BMPT-72 ‘Terminator’

A Russian military combat vehicle rolls during a military exercise at a training ground at the Luzhsky Range, near St. Petersburg, Russia, Monday, Sept. 18, 2017. The Zapad (West) 2017 maneuvers have caused concern among some NATO members neighboring Russia, who have criticized a lack of transparency about the exercises and questioned Moscow’s real intentions. (AP Photo/Ivan Sekretarev)

Mainly targeted at the export market, the BMPT-72 Terminator II was designed around the ageing T-72 platform. Unlike its predecessor the Terminator I, this new version was formatted as a retrofit package, which means it’s available purely as an upgrade for existing T-72 hulls. not as a stand-alone vehicle. The BMPT-72 armament allows it to be used for the suppression of enemy positions (and against light armour), but also for engaging vehicles with four turret-mounted Ataka (NATO Spiral-2) anti-tank guided missiles.

 

The Terminator 2 is designed to prevail in the modern urban battleground providing support to MBTs or by themselves as they are fully armed to attack both heavy armoured vehicles or softskins and infantry. The BMPT-72 terminator 2 uses the T-72 hull and substitutes the turret for a new one armed with twin 30mm 2A42 guns, four 130mm 9M120 Ataka-T anti-tank guided missile, two AG-17D 30 mm grenade launchers and one 7.62 mm PKTM machine gun and is protected with the latest ERA and “Relikt” explosive reactive armour which is claimed to be 3 times more effective than the older Kontakt system.

Tank support combat vehicle

In theory, mechanized infantry, self-propelled artillery and armored forces are mutually supporting. Artillery rains destruction to the front and flanks as infantry personnel carriers and dismounted infantry protect tanks from enemy anti-tank systems and enemy infantry. Simultaneously, tanks protect the personnel carriers and dismounted infantry from enemy tanks and strongpoints. In practice, personnel carriers have problems keeping up with fast-moving tanks; their armor protection is too thin to survive at the point of the attack; and battle drills between tanks and mechanized infantry frequently break down due to the lack of sufficient team training prior to combat. Artillery fire may be on or off target, or too early or too late. The bottom line is that there is often too great a gap between the tanks and the mechanized infantry at the crucial point, and artillery may not bridge that gap.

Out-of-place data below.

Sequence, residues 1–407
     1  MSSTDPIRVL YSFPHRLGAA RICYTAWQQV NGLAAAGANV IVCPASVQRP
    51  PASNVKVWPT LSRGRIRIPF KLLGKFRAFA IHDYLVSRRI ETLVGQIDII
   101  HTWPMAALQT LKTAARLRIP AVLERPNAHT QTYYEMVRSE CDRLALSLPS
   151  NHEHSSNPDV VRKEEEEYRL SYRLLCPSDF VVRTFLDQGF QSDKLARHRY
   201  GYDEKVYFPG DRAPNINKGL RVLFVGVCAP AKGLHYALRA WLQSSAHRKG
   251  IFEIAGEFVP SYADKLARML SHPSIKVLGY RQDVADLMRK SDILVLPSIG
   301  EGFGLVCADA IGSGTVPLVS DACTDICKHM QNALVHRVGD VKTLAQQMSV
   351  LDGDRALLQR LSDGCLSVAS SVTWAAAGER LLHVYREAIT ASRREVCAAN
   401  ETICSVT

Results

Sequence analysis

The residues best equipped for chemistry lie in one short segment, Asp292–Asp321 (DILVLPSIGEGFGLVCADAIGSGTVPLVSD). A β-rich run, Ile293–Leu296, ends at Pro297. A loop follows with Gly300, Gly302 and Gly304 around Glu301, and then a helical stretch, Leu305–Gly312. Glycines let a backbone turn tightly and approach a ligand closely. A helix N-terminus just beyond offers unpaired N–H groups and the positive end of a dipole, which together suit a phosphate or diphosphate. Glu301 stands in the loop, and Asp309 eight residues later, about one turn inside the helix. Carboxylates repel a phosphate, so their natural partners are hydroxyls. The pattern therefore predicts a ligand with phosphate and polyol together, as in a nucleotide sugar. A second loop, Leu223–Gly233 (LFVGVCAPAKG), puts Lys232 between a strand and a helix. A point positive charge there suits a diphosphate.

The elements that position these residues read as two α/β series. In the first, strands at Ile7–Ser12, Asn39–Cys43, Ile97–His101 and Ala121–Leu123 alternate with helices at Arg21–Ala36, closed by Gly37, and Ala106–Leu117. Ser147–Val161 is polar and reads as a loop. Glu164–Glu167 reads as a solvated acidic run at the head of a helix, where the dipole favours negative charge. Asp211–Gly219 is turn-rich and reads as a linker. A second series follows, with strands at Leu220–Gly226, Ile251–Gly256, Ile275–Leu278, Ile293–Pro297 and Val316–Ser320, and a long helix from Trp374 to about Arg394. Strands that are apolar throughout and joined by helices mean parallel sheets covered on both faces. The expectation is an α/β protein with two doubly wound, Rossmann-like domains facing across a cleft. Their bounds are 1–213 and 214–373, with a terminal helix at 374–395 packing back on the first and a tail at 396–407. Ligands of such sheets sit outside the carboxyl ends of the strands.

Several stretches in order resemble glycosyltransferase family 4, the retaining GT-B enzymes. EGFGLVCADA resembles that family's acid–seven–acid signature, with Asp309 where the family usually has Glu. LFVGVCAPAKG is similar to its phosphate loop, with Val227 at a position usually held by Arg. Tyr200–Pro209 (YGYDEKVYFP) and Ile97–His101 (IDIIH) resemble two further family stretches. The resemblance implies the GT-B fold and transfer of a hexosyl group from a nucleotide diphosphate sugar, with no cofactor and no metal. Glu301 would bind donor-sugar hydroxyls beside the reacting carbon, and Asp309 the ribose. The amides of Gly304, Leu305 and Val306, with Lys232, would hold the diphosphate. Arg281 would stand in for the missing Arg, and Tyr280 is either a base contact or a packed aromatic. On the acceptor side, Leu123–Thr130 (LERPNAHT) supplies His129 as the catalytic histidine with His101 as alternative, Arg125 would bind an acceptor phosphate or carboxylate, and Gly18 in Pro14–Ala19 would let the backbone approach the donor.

The proliferation of RPG-7 anti-tank grenade launchers and anti-tank missiles has complicated the task of tanks and mechanized infantry working together. An example of this is when the Russians entered the Chechen city of Grozny Dec. 31, 1994. The first unit to penetrate the city center was 131st “Maikop” Brigade. Russian forces initially met no resistance when they entered the city at noon. They drove their vehicles straight to the city center, dismounted and moved into the train station. Other elements of the brigade remained parked along a side street as a reserve force.

Then the Chechens attacked with RPGs. They first destroyed the Russian lead and rear vehicles on the side streets, trapping the unit. The tanks could not lower their gun tubes far enough to shoot into basements or high enough to reach the tops of buildings. Infantry fighting vehicles and personnel carriers were unable to support their tanks. Chechens systematically destroyed the column from above and below with RPGs and grenades. Other Chechens surrounded the force in the train station.

The commander of the Russian unit waited until Jan. 2 for reinforcements, but they never arrived. Part of his decimated unit broke out. By Jan. 3, 1995, the brigade had lost nearly 800 men, 20 of its 26 tanks and 102 of its 120 armored vehicles.

The Russians decided that the tactical gap between tanks and mechanized infantry is almost inevitable. The battle in Grozny on New Year’s Eve 1994 provided the impetus to develop a heavily armored close-combat system. The Russians discovered that the thinly armored ZSU 23-4 self-propelled anti-aircraft gun was the optimum system for tank support in city fighting, but its vulnerability offset the efficiency of its four 23mm automatic cannons. To ensure the survivability of tanks, they needed a new system that was built like a tank but provided mutual close- combat support. The new system should provide protection against enemy anti-tank weapons, infantry, strongpoints, helicopters and fixed-wing aviation. The new system needed to be an integral part of the armored unit, but it could not be a modern T-35 with five turrets and multiple weapons.